stability keeping the cu tiny across the rest of the state and
into eastern OH.
.SHORT TERM /8 AM FRIDAY MORNING THROUGH 6 PM FRIDAY/...
Band of showers and storms in central Ohio will work into the
area later tonight. Coverage still expected to be less than more
and PoPs are 60-70 only in the NW and taper off to less than
20 for all the east for the balance of the night. Low clouds
will try to make a comeback in the east as flow comes off the
ocean later tonight and higher moisture slides northward into
the lower Susq and Poconos. It should not be as thick or
stubborn as what we had last night/this morning.
The sct SHRA will slide east across the area during the daylight
hours due to the vort max/short wave trough currently spinning
over MO/AR. Northern and eastern areas will likely be a little
cooler on Friday, given the position of the front.
Current day2 outlook by SPC for a MRGL risk across the srn half
of the area looks good as we should manage more early-day
sunshine than we did on Thursday.
.LONG TERM /FRIDAY NIGHT THROUGH THURSDAY/...
Line of showers/storms should continue to progress through the
region Friday night into very early Saturday (SE). These will be
associated with an approaching cold front. The mid range models
are in fair agreement and these could linger through the first
half of the overnight period. Have increased POPS accordingly.
Cold air will cool down temperatures Saturday. Saturday is
looking damp and cloudy across the forecast area, as the quasi-
stationary front dips south of the region. Model RH time
sections show abundant low level moisture (stratus), but little
chance of significant rain during the daylight hours. Medium
range guidance is lending increasing confidence in a rainy
Saturday night and early Sunday, as wave of low pressure tracks
south of the state.
The 12Z NAEFS continues to show drier weather early next week,
as surface high pressure builds into the state. Will then ramp
up the chance of rain by midweek associated with the approach of
a slow-moving cold front over the midwest.
.AVIATION /04Z FRIDAY THROUGH TUESDAY/...
Updated the TAFS late this evening.
Still a few showers just west of JST.
I did back off on the lower conditions some.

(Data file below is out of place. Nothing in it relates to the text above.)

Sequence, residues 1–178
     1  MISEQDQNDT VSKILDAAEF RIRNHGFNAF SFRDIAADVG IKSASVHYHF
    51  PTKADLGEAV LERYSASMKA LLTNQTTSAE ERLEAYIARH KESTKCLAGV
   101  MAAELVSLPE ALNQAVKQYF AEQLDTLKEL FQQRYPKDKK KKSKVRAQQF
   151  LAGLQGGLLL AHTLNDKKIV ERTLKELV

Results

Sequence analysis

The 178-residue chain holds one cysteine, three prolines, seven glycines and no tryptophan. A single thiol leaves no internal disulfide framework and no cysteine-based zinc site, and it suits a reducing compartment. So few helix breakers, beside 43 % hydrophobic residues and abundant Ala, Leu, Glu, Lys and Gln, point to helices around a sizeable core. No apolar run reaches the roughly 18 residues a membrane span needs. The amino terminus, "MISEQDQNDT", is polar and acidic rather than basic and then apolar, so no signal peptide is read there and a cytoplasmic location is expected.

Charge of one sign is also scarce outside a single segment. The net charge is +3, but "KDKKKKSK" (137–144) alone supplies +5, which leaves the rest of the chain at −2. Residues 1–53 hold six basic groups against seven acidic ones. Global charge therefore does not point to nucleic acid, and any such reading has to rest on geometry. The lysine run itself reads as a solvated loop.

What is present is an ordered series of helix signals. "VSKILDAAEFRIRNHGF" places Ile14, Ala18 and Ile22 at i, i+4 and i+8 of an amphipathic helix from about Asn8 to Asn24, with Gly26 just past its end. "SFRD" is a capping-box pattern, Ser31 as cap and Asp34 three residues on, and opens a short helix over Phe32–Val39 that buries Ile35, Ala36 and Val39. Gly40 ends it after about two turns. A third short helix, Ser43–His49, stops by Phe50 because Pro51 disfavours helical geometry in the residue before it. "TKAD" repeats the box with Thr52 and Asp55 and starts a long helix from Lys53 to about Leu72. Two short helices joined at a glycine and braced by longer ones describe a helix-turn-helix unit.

Early evening discussion below.
For 00Z TAF package, I did add TEMPO group in for JST this evening.
Cluster of showers and storms heading eastward from OH.
Late afternoon discussion below.
Obs coming in ok since 4 PM.
Not much on radar and all sites VFR now.
Thus minor adjustments to the TAFS late this aft.
Early afternoon discussion below.
Missing a lot of the obs from 1 PM.
Did edge down risk of thunder some this aft. Best chc to the
southeast based on temperatures and CU building at mid lvls.
Expect CIGs to drop later, especially across the east, where
winds could turn back more to the east.
Line of showers and storms just about western Ohio, so adjusted
Sat...AM low cigs trending VFR. Rain spreading SW to NE through
Sat night with deteriorating conditions .
Sun...Rain/restrictions with drying trend into Sunday night.
Mon...Chance of rain showers nrn tier.
Tue...Mainly dry, but chc of showers across the NW.
Area Forecast Discussion
National Weather Service Paducah KY
1003 PM CDT Thu May 2 2019
Issued at 1002 PM CDT Thu May 2 2019
Just completed a quick grid, text, tabular update to reflect the
cancellation of Tornado Watch Number 122 and to remove some of the
southeast Missouri and southwest Illinois counties from the Flash
Flood Watch. The threat of any additional overland flooding will
be essentially non-existent for the rest of the night for the
counties removed from the Flash Flood Watch.
UPDATE Issued at 814 PM CDT Thu May 2 2019
Just amended the existing Flash Flood Watch to reflect the
excessive rain potential along the northwest semicircle of the